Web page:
Yeah, but would he sing any songs? Preferably about how to get it on with a hot alien babe while in decontamination.

In the television show “Fame”, it always used to bug me that they could spend an eternity yucking it up in the hallways between classes. Also, you never saw the kids in math and science classes, only English and their “art” classes.

It also bugged me that you’d find the drama kids in dance class and vice versa. Like, I remember one episode when Doris was in the same dance class as Coco and Leroy. I attended a performing arts school. You weren’t allowed to “cross over” like that because you didn’t have time. Two hours were reserved for your “speciality” and the rest of the day was full of English, science, math, and history. And even if you could jam in another hour of an elective, a clumsy person like Doris would NOT be in the same class as graceful Leroy. She’d be in a dancing for dummies class. Come on now!

I liked Boston Public, too, but hated the fact that it made no sense. For instance, they had a class called the Dungeon where all the bad kids spent the entire day. But in a school the size of BP, there’s no way all the bad kids could fit in one class (they also did this in Sister Act II). And how would it be possible for Marilyn, who taught English, to also to teach music? Maybe there was only one music class, and she taught it during her free period? I don’t know. It also wasn’t unusual to see the faculty sitting at their desks, late into the night. I know teachers work hard, but I know they usually go HOME when it starts getting dark.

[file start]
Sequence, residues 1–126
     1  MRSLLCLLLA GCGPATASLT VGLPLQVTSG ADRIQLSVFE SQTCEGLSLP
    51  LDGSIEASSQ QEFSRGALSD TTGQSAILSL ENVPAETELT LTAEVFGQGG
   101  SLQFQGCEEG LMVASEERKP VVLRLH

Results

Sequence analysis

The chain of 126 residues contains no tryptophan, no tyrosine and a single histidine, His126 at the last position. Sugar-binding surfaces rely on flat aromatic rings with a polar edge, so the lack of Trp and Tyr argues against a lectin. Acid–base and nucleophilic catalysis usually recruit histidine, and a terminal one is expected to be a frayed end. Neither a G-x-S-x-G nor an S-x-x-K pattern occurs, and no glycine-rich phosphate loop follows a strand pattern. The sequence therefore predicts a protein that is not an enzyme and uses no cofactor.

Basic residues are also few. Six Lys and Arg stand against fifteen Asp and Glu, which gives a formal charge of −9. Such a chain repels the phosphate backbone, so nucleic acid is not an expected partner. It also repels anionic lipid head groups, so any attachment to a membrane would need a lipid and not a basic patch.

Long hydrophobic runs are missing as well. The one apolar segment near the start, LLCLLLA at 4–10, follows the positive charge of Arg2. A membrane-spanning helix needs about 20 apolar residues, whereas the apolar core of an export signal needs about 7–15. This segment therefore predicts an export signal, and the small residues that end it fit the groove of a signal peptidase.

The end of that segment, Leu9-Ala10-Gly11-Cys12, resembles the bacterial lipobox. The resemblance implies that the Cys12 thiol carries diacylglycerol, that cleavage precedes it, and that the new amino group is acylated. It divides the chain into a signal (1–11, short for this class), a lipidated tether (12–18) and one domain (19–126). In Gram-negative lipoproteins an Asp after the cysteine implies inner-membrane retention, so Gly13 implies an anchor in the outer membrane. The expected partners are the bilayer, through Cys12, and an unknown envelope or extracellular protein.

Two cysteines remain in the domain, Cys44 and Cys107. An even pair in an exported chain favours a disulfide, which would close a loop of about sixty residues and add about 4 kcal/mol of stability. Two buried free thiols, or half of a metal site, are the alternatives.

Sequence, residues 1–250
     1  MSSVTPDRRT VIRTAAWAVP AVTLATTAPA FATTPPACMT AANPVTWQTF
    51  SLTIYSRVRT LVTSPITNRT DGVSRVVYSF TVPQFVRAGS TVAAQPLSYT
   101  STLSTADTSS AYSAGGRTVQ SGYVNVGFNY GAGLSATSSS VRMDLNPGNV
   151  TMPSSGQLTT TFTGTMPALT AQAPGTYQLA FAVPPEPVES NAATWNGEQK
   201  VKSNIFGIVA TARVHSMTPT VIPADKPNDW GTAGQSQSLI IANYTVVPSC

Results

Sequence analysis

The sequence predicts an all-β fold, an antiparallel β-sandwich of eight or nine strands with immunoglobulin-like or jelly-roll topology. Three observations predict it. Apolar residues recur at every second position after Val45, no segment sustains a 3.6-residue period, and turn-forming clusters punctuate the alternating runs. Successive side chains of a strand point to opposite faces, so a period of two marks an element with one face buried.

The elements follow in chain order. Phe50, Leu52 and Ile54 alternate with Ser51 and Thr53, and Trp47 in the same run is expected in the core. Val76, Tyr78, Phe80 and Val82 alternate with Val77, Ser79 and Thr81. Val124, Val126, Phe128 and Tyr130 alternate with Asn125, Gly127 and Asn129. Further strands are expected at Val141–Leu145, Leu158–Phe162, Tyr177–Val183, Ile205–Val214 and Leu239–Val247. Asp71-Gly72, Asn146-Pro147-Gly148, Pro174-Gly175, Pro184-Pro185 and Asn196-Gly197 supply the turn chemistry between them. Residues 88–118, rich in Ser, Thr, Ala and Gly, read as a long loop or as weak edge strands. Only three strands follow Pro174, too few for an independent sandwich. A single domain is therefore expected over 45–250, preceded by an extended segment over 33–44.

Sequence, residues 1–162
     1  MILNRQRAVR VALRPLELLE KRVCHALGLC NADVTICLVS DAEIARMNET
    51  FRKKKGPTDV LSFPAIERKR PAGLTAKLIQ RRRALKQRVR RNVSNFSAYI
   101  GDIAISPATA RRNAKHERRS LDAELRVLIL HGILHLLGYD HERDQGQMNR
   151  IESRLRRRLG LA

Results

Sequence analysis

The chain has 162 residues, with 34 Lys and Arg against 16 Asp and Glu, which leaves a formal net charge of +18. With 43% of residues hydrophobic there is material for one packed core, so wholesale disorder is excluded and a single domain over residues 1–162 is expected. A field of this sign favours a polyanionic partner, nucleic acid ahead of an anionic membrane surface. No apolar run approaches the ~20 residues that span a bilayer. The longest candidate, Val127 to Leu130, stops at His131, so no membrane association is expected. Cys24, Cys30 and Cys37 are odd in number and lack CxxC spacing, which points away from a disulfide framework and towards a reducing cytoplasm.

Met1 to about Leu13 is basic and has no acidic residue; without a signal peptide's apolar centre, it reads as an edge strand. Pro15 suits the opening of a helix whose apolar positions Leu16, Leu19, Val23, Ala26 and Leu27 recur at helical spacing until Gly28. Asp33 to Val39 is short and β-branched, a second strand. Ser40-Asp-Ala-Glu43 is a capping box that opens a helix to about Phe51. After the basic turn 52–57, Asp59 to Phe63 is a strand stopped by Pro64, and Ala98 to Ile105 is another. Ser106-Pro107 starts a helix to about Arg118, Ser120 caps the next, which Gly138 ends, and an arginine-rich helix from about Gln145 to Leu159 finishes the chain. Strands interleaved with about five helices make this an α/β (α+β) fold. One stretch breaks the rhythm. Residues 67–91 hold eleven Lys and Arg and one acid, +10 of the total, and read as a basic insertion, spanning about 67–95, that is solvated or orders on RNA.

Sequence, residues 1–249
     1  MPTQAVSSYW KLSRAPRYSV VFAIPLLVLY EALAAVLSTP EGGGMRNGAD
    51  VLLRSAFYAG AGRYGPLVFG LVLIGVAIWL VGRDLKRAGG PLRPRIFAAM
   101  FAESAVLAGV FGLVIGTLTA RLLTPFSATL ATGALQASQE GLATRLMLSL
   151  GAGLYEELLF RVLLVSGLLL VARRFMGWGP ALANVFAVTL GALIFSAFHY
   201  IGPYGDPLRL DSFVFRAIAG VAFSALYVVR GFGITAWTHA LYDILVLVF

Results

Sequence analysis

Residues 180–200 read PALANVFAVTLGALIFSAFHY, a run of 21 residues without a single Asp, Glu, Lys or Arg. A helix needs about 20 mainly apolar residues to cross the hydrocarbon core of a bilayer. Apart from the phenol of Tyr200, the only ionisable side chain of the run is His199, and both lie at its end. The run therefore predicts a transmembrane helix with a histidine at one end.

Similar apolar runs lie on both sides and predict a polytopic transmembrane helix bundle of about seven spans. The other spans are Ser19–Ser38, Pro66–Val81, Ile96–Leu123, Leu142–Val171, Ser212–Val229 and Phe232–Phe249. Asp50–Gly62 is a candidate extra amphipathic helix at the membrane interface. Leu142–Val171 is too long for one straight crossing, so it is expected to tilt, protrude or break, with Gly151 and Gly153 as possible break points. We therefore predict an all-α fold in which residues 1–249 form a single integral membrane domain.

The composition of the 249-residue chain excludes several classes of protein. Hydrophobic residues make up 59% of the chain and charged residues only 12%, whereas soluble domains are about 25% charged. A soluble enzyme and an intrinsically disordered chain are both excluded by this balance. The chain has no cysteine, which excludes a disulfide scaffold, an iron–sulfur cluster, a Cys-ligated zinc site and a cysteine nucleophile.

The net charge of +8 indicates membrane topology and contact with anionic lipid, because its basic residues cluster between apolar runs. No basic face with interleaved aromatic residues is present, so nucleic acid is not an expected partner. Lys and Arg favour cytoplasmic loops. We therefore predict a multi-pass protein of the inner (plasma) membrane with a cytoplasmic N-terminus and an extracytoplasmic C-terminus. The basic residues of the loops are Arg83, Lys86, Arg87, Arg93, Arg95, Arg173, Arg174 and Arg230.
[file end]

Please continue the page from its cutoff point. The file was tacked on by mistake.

Nor could I. And that isn’t what I said. They have a registered nurse as a technical advisor, too, but I don’t want JAMA endorsing them.

Argh, me too. Though not as much as I hated Ferengi episodes. shudder

Monk -

I’ve never heard them explain how he makes a living, but maybe I missed it. He has a very nice apartment in San Francisco - that’s ain’t gonna be cheap. Plus, a personal assistant who, as near as I can tell, spends virtually every waking moment with him. Plus, regular therapy sessions with a psychologist who looks to be extremely high-priced, based on his luxurious office. He was presumably fired from SFPD, so I’m guessing he’s on some sort of disability, maybe. And he does piecemeal consulting on cases, but it doesn’t seem like that would even begin to pay for all that stuff. Did they ever explain that on the show?

And going way back:


One could write a whole book on the incongruities in the show, but the main one, I guess, was that the set was just altogether too small for the supposed size of the camp. In the movie, it’s a huge, bustling camp, but on the show, there are only 4 officers and a handful of enlisted that we ever see or hear about. And the tiny scale of the camp is constantly betrayed. The funniest time, I think, is the “cease fire” episode, where people pile into a Jeep and drive around the camp to celebrate, but all they can do is drive the Jeep around in a little circle.

And speaking of establishing shots:

Roseanne had the cheesiest-looking shots ever. They looked like paintings or scale-models or something. Is it that hard to take a picture of a real building?